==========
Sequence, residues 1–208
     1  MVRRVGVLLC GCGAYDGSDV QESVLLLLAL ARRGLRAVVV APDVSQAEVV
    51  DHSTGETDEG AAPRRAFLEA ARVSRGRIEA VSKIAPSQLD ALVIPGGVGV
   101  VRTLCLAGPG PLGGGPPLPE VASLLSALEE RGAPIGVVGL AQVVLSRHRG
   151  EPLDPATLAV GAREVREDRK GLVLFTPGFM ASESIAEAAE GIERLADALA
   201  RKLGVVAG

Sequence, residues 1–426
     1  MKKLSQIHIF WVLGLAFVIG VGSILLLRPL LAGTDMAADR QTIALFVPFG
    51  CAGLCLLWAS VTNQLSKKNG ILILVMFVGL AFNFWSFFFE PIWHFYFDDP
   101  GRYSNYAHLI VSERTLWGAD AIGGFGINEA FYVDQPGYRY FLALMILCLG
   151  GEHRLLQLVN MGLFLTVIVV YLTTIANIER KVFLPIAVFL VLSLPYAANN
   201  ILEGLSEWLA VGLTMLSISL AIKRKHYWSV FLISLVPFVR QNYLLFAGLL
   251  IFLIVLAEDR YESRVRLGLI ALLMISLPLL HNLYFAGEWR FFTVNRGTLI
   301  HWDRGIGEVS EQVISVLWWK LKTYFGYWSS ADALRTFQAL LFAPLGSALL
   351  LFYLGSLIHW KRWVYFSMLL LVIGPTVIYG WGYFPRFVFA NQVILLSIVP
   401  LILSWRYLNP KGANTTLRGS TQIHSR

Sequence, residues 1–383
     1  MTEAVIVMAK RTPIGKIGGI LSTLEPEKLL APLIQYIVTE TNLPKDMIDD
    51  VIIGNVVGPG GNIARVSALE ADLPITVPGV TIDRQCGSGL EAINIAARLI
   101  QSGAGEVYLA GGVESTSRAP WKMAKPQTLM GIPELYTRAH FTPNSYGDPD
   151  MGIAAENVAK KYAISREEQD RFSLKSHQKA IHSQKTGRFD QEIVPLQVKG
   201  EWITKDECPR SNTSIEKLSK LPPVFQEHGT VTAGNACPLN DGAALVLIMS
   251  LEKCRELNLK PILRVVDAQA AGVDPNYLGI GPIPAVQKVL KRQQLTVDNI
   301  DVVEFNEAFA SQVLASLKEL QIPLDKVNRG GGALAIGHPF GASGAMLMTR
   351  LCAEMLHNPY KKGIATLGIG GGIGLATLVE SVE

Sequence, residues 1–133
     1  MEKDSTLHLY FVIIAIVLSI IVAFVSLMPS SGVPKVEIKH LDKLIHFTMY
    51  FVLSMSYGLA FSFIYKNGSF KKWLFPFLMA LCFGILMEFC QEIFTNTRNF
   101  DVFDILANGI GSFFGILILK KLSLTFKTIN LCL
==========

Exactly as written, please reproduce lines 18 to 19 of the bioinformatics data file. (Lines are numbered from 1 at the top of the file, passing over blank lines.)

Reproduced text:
     1  MTEAVIVMAK RTPIGKIGGI LSTLEPEKLL APLIQYIVTE TNLPKDMIDD
    51  VIIGNVVGPG GNIARVSALE ADLPITVPGV TIDRQCGSGL EAINIAARLI